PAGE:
College Board announces overhaul of SAT examinations


Under the College Board’s plans to revise the SAT, practice materials will be made available for free through Khan Academy.

Nelson Gomez, Managing Editor

Preparing for the SAT Reasoning Test is one of the most draining experiences a student will undergo. Many choose to study and memorize various antiquated or rarely-used vocabulary words in anticipation of the critical reading section and enroll in tutoring and coaching courses that could cost hundreds or even thousands of dollars.

On March 5, however, College Board President and CEO David Coleman announced that the SAT would undergo major revisions, making it the second revamp in the past decade. Along with the changes to the exam, College Board also announced that it would be partnering with Khan Academy to provide free preparation materials for the redesigned SAT.

“What this country needs is not more tests, but more opportunities,” Coleman said at an announcement event in Austin, Texas. “The real news… is not just the redesigned SAT, but the College Board’s renewed commitment to delivering opportunity.”

Specifically, the new SAT will remove vocabulary that students may not have heard of and are not likely to hear of again. Moreover, the exam will be nearly twice as long, lasting three hours as opposed to the current length of one hour and 45 minutes, and penalties for guessing incorrectly have been scrapped.

According to the announcement, the modifications are “modeled after work that students do in challenging high school courses” and are designed to focus more on college readiness.

“That’s what the SAT is trying to change, at least on the surface,” guidance department chairman Mr. Paul Weber said. “It won’t be as coachable, and it’ll be more about what you’ve learned in school and how hard you’ve worked, not how hard you’ve been coached on the side.”

Educators and college admissions officers believe that the overhaul is long overdue, and that the renewed focus on students’ skill, rather than ability to take the test, is a welcome change.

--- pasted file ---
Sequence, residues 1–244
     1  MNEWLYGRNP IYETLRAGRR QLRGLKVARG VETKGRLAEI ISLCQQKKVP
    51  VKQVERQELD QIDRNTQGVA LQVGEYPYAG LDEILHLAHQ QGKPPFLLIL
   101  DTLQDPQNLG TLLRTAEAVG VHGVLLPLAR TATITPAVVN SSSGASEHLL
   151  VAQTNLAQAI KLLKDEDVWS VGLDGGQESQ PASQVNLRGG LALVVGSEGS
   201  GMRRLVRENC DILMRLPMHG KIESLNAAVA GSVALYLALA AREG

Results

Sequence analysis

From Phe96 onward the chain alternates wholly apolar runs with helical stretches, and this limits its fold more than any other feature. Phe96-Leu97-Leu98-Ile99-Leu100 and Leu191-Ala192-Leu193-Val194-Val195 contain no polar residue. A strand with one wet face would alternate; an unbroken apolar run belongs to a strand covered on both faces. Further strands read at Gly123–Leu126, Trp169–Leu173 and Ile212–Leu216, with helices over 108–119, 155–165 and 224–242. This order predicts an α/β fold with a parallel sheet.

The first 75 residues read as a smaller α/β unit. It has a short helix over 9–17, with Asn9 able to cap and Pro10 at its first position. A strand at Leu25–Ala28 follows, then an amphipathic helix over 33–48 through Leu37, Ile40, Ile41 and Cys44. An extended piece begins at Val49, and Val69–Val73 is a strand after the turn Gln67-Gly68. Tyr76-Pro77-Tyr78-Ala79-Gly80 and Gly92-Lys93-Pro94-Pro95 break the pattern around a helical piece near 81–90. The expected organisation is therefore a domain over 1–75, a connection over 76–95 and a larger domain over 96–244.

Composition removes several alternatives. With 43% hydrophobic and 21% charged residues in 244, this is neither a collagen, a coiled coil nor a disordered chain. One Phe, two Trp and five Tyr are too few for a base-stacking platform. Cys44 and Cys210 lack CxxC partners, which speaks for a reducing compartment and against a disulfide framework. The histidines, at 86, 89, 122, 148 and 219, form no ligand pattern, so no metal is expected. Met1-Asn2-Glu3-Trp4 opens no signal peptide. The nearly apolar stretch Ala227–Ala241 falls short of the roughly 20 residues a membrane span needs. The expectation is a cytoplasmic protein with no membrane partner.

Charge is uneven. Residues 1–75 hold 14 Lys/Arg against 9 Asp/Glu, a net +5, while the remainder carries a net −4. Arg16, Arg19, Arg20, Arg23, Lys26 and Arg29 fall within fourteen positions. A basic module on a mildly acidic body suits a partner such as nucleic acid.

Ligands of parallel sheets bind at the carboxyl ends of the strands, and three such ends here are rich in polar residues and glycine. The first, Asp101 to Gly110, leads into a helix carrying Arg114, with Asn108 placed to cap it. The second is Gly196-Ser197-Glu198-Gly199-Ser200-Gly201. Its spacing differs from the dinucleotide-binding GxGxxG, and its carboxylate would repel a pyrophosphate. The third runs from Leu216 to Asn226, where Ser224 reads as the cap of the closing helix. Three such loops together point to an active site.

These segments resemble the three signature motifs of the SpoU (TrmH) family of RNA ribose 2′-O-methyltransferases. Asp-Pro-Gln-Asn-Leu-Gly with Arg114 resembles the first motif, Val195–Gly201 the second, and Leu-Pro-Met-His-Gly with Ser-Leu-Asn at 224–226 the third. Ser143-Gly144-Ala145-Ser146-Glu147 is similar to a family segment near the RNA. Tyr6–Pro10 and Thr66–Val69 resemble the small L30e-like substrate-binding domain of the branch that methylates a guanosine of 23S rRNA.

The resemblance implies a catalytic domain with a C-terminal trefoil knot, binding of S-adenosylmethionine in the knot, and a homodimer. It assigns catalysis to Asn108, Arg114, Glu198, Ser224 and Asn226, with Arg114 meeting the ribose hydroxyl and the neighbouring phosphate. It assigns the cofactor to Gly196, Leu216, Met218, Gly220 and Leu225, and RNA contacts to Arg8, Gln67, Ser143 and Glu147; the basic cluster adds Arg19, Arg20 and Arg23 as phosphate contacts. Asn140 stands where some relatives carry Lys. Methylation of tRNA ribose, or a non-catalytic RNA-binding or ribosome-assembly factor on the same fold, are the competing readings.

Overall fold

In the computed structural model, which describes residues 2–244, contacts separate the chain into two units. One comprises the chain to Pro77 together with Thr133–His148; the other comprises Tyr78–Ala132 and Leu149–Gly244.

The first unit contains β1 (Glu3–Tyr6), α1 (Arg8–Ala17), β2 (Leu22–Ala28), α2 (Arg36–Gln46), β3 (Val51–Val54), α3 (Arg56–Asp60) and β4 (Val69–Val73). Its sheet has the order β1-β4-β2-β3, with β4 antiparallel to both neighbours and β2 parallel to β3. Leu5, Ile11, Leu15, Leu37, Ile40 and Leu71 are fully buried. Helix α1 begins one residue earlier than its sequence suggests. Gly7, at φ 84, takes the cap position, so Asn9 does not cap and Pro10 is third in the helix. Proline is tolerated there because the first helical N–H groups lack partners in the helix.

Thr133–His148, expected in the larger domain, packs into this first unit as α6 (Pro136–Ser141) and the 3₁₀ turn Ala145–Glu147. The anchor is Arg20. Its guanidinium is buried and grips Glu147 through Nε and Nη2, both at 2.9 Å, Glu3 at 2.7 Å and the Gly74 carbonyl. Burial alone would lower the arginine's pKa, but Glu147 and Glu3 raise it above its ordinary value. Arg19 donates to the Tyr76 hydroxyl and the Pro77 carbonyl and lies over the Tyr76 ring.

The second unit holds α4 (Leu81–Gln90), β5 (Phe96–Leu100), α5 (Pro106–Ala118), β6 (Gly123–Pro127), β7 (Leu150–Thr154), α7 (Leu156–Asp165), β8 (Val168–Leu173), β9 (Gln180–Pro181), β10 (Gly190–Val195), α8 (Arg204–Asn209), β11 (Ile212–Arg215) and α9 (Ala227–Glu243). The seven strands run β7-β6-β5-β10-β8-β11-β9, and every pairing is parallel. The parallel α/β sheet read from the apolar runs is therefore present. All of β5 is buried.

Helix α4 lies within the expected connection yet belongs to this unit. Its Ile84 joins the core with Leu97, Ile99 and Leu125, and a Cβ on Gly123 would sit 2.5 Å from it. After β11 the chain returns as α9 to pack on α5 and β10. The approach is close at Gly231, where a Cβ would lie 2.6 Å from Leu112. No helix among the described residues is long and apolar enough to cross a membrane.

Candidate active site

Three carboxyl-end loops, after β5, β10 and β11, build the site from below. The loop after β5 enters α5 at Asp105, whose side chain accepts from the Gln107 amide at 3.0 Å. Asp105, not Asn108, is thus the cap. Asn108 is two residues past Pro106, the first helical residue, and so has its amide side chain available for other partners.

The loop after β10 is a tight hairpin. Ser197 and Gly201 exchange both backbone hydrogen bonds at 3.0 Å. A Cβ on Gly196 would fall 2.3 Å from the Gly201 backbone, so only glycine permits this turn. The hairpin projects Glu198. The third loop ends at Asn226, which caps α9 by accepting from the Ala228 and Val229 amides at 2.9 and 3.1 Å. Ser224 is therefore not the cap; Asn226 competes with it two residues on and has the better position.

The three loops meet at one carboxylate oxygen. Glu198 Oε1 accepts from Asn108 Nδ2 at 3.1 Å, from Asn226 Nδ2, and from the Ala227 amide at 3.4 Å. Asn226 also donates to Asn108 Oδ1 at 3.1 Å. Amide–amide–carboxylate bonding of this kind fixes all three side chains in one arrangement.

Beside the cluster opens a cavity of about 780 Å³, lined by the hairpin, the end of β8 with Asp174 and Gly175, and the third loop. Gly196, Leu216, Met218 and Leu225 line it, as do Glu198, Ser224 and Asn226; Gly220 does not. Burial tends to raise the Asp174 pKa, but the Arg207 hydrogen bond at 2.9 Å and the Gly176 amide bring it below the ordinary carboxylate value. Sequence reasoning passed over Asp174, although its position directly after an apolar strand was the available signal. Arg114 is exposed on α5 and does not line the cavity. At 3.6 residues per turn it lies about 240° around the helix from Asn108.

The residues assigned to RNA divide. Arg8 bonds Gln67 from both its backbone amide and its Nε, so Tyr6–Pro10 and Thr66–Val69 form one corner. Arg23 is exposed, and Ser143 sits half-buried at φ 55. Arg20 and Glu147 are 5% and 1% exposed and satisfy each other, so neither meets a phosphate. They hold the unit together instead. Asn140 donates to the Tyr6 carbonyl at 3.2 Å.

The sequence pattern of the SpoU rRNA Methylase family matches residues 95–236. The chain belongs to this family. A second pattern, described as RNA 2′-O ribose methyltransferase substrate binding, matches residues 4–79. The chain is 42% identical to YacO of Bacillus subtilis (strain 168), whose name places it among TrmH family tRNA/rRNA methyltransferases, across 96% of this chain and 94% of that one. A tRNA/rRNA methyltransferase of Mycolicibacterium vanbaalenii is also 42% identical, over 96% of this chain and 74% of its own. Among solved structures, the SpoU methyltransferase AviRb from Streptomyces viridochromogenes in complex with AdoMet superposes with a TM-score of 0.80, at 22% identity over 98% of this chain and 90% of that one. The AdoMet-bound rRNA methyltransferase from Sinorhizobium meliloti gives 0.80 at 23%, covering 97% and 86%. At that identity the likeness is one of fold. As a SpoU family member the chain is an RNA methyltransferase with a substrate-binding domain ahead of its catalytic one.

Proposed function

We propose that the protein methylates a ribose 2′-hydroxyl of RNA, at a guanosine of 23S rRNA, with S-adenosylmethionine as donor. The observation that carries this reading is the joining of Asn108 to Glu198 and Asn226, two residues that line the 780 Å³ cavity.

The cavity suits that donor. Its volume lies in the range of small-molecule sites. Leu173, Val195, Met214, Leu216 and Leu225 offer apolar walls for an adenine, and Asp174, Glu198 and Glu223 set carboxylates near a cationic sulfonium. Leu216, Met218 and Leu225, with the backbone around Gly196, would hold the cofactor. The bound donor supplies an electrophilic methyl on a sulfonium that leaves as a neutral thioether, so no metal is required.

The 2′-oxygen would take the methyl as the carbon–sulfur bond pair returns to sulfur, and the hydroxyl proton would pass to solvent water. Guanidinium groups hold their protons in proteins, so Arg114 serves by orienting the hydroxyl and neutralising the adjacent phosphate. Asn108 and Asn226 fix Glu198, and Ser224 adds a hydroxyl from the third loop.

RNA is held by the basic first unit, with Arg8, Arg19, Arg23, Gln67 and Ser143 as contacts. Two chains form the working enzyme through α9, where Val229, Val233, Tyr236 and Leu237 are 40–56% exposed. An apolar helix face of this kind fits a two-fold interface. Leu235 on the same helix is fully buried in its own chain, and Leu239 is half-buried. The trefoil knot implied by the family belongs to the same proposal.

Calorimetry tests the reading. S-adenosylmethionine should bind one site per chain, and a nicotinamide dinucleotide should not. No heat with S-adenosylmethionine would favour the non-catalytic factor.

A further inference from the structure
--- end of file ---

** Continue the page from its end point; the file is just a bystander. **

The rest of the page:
“Making the test more relevant to the high school curriculum makes sense,” Courtney McAnuff, Vice President of Admissions for Rutgers University, told The Star-Ledger. “In addition, I applaud the College Board for acknowledging that lower income students were underserved and typically could not gain the advantage of intensive and costly private coaching.”

On the other hand, some critics believe the revisions are motivated by competition with the ACT, which surpassed the SAT for total test takers in 2011. Others believe that standardized aptitude tests in general are obsolete, and that new methods of testing college readiness are needed.

“Why not give students the time to think, research, and learn as they answer serious questions whose answers demand careful thought and knowledge?” TIME writer Leon Botstein said. “What is needed is not minor, so-called improvements to the SAT, but an entirely new generation of testing instruments.”

Regardless of what changes the SAT undergoes in the future, the test and others like it will continue to be a key component of the college admissions process. The uniform nature of the exam for all students who take it allows colleges to easily weigh decisions based on the relative success of each applicant on the standardized assessment.

“Everybody, whether you’re in California, Maine… or New York, is taking the exact same exam,” Mr. Weber said. “Regardless of what they do to [the SAT], everyone is on the same playing field.”

It will be several years before the revised SAT is publicly administered, and so until then, the impact that the changes will have on test preparation, college admissions and student preparedness are anyone’s guess. Still, a more focused and relevant SAT would not only help the College Board compete with the ACT, but also give students, parents and counselors a clearer picture of one’s ability to succeed in college.

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